The participle is like a verb herein:
a. It shows the distinctions of voice and tense. Its tenses mark action simply occurring, continuing, and completed.
b. It can have an object in the same case (genitive, dative, accusative) as the finite forms.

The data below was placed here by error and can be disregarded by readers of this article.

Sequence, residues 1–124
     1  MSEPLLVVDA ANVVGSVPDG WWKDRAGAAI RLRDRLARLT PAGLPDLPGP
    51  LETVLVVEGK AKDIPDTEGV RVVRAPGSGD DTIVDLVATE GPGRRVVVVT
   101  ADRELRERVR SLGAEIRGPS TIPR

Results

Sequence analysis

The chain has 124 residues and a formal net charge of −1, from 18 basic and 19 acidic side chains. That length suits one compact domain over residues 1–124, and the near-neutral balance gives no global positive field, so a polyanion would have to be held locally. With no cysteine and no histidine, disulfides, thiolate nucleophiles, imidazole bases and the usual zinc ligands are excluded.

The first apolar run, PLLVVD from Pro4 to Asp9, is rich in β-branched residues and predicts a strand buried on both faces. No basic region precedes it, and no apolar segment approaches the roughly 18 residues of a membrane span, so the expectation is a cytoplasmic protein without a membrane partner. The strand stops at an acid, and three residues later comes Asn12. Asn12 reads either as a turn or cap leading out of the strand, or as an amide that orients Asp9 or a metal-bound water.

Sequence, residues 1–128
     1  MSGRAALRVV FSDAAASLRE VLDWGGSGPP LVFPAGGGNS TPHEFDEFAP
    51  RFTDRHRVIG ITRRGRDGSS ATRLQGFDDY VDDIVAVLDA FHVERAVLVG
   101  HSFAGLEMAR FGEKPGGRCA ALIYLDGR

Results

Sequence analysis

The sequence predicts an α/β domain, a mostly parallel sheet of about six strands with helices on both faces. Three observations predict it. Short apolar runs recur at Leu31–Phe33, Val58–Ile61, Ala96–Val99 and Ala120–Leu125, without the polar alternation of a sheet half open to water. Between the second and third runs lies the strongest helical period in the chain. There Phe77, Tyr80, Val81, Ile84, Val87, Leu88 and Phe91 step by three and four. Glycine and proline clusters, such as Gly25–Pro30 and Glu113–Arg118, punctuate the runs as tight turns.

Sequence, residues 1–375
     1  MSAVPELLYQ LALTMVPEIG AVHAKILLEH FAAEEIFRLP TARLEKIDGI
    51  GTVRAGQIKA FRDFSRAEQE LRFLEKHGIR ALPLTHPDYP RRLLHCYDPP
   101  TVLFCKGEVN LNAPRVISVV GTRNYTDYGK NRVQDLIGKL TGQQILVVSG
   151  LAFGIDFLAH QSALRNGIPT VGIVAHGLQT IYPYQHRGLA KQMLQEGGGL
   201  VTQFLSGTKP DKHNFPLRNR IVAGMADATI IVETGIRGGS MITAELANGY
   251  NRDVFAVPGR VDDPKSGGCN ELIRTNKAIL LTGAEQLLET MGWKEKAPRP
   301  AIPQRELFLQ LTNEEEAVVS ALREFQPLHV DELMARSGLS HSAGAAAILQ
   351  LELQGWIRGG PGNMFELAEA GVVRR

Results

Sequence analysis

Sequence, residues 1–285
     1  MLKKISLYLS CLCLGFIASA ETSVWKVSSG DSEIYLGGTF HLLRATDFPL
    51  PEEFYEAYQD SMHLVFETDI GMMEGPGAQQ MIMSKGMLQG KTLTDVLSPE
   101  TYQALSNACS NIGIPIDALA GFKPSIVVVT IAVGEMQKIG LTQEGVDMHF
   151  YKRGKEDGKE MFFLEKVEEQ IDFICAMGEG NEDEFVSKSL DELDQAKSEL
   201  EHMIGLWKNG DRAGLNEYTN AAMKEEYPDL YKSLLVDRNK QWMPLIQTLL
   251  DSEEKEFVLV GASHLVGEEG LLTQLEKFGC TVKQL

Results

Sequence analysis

c. It is modified by adverbs, not by adjectives.
d. It may take ἄν, and, with that particle, represents ἄν with the indicative or ἄν with the optative ( cross1845 ff.).
Herbert Weir Smyth [n.d.], A Greek Grammar for Colleges; Machine readable text [info] [word count] [Smyth].